Astronauts struggle to sleep in space, potentially putting their lives at risk, a new study has found.
The research, published in The Lancet Neurology journal, reveals that many astronauts suffer serious levels of sleep deprivation, with three-quarters resorting to taking sleeping pills during spaceflight.
Dr Laura Barger, from Harvard Medical School in Boston US, who led the research said: "The ability for a crew member to optimally perform if awakened from sleep by an emergency alarm may be jeopardised by the use of sleep-promoting pharmaceuticals."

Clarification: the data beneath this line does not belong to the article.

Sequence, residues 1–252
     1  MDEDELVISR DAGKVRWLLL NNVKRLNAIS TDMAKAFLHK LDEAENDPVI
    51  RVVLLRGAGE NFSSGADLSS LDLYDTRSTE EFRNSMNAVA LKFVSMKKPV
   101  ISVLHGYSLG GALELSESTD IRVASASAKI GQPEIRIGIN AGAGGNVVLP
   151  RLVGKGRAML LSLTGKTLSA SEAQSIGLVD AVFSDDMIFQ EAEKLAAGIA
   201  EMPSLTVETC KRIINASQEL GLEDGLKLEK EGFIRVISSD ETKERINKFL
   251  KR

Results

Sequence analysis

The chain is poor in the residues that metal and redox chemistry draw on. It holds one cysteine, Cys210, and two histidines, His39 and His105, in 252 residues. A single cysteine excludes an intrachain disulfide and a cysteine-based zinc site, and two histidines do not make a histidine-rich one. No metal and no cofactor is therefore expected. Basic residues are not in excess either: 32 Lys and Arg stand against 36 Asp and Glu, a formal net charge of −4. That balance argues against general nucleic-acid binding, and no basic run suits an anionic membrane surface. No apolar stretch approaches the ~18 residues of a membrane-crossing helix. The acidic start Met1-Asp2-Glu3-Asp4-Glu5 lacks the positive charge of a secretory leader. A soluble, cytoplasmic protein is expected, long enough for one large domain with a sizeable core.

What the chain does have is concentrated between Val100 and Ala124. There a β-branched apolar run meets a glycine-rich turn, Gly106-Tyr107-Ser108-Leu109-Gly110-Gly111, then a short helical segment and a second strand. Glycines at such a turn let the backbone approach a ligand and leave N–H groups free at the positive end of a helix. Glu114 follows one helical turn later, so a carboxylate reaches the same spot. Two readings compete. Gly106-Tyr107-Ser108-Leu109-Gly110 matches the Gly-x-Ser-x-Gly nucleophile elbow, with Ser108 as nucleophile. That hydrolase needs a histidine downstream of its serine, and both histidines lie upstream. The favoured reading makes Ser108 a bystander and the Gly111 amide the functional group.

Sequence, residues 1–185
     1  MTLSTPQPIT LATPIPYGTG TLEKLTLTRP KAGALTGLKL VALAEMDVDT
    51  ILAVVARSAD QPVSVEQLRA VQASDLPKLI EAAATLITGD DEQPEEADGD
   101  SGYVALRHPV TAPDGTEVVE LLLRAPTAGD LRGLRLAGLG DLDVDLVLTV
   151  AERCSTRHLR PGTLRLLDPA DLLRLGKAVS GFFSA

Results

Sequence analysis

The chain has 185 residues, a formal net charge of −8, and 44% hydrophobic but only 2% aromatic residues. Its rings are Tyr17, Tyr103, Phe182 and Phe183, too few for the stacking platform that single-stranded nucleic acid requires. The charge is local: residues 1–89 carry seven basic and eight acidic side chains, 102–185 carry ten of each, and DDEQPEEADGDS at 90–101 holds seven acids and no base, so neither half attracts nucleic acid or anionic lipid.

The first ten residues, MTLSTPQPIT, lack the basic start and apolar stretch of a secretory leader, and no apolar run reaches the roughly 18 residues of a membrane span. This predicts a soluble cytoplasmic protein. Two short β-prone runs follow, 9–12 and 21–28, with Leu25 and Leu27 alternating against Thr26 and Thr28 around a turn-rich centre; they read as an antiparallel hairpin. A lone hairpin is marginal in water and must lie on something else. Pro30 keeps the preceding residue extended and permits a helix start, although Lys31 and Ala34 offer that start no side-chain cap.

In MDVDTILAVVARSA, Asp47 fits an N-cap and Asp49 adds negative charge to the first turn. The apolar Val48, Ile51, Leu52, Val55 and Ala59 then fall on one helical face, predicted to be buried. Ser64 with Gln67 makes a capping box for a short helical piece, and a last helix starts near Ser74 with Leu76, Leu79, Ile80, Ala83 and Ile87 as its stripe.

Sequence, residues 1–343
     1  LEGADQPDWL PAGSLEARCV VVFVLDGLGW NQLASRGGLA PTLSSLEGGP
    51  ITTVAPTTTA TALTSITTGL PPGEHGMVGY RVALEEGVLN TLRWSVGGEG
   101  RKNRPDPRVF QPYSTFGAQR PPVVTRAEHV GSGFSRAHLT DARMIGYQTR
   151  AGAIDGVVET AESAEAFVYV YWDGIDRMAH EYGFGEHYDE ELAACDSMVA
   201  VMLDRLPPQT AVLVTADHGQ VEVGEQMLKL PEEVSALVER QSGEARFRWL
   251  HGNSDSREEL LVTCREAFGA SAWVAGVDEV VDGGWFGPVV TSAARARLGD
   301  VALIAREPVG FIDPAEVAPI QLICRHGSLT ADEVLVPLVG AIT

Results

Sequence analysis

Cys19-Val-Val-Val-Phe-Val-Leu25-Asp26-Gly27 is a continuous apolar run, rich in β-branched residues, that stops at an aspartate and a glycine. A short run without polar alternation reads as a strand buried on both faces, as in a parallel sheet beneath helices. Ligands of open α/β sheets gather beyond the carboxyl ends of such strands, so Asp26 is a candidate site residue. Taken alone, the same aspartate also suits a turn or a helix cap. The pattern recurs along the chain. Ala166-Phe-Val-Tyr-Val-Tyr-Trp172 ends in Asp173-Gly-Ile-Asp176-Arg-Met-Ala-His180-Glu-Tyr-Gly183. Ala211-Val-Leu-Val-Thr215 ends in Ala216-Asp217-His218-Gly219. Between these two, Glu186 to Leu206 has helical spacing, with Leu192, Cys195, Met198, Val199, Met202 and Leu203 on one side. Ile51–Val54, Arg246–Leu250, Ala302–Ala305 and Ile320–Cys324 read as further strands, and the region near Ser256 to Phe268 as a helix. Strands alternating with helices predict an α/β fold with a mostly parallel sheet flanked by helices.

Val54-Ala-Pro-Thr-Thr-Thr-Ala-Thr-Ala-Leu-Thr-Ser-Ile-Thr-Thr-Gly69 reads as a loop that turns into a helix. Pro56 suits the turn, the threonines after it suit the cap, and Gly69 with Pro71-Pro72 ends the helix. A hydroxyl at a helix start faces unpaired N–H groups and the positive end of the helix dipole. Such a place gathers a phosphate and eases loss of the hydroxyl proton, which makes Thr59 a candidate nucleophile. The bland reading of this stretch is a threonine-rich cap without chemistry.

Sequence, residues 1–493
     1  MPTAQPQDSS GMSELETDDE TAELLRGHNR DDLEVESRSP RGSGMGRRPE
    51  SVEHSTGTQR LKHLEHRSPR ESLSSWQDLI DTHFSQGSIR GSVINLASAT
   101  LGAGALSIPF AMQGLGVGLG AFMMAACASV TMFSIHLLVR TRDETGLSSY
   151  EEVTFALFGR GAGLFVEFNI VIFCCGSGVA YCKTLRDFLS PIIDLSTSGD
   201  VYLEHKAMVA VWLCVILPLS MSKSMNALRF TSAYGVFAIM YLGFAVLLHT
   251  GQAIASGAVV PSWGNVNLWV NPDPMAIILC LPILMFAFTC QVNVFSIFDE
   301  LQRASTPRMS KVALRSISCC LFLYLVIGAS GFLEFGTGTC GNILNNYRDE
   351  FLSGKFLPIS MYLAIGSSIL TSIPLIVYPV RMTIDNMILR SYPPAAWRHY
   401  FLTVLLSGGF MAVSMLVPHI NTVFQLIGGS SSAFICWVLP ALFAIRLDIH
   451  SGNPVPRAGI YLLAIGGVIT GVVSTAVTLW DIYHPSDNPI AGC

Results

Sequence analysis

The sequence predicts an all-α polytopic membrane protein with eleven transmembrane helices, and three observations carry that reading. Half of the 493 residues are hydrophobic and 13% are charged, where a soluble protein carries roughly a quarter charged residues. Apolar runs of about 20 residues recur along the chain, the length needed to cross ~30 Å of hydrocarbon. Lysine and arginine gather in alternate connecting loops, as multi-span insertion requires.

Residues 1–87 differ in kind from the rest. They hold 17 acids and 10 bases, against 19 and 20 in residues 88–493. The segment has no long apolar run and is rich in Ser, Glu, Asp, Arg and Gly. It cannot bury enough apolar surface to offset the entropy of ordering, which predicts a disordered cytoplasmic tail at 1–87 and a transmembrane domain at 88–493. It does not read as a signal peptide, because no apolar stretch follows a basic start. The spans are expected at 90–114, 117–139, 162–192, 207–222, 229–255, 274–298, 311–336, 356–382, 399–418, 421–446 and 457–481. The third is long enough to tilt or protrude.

"This consideration is especially important because all crew members on a given mission may be under the influence of a sleep-promoting medication at the same time," Dr Barger added, noting that government health guidance warns patients taking sleeping pills not to engage in activities that require a high degree of mental alertness and co-ordination.
Earth orbit is known to disrupt sleep, as the sun rises and sets every 90 minutes.
However, the study showed sleep deprivation builds up in astronauts long before mission launch.
During training three months before take off and once in space, astronauts manage only around six hours of sleep; Nasa, the American space agency, schedules 8.5 hours sleep per night for astronauts.
Around half of astronauts saw their shut eye lengthen once they returned to earth.